Sd.Kfz.138 (Marder III)

german ww2 tanks Germany (1942)- 450 Ausf H, 942 Ausf M built/10Converted

The vehicle in brief

The crew of a late production Marder 38T posing for a photo on the Eastern Front

The Sd.Kfz. 138 Marder III was a series of German World War II tank destroyers based on the chassis of the Czechoslovakian Panzer 38(t) light tank. This vehicle is distinct from the Sd.Kfz. 139 variant, which was armed with the Soviet 7.62 cm PaK 36(r) gun. The Sd.Kfz. 138 Marder III, specifically, was equipped with the German 7.5 cm PaK 40 anti-tank gun. Here’s a detailed overview:

Development and Purpose

As the war progressed, the German army required more powerful anti-tank weapons to counter increasingly formidable Allied armor. The Panzer 38(t) chassis, being reliable and available in significant numbers, was adapted to mount the 7.5 cm PaK 40 anti-tank gun, resulting in the Sd.Kfz. 138 Marder III.

Chassis and Mobility:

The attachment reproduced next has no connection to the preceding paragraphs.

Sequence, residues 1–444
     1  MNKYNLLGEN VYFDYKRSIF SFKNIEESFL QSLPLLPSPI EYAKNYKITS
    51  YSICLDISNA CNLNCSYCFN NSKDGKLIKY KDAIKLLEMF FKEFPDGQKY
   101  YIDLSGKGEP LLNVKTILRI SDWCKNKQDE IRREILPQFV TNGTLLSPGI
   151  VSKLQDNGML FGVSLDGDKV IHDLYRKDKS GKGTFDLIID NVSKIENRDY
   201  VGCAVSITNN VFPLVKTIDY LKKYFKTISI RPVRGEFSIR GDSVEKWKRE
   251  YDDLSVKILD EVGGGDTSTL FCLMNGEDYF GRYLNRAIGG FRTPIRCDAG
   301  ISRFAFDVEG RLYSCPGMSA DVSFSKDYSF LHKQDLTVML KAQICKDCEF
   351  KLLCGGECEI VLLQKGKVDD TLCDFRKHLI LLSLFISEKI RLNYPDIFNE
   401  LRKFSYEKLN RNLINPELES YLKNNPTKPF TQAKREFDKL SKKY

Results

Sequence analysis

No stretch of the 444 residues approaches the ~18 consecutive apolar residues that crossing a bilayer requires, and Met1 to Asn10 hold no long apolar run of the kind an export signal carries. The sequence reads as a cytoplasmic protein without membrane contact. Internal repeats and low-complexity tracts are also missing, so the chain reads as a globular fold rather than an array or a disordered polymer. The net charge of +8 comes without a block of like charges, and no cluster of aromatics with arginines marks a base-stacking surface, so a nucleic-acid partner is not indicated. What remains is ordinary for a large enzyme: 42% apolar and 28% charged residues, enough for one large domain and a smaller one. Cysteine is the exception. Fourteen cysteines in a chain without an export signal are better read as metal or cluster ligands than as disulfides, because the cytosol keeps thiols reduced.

Base Vehicle: The Marder III utilized the chassis of the Panzer 38(t) tank, known for its mechanical reliability and satisfactory mobility.
Engine: The vehicle was powered by a Praga EPA/2 6-cylinder gasoline engine, delivering 125 hp.
Mobility: The Marder III had a maximum road speed of approximately 42 km/h (26 mph) and a range of around 190 km (118 miles).


Main Gun: The primary weapon was the 7.5 cm PaK 40 anti-tank gun. This gun was highly effective, capable of penetrating the armor of most Allied tanks at standard engagement ranges.
Secondary Armament: It typically included a 7.92 mm MG 37(t) or MG 34 machine gun for self-defense against infantry.

Armor and Protection:

Armor: The vehicle's armor was light, with the front of the superstructure being up to 50 mm thick. The sides and rear had thinner armor, offering minimal protection against anything other than small arms fire and shell splinters.
Open Top: The fighting compartment was open-topped, providing the crew with excellent visibility and gun operation flexibility but leaving them vulnerable to shrapnel, small arms fire, and adverse weather conditions.
Crew: The Marder III had a crew of four: a commander, gunner, loader, and driver.


Several variants of the Marder III were produced:
Sd.Kfz. 138 Ausf. H: This variant had the fighting compartment mounted in the middle and the engine at the rear.
Sd.Kfz. 138 Ausf. M: The later and more common variant, which featured the fighting compartment at the rear and the engine in the middle. This improved crew protection and vehicle balance.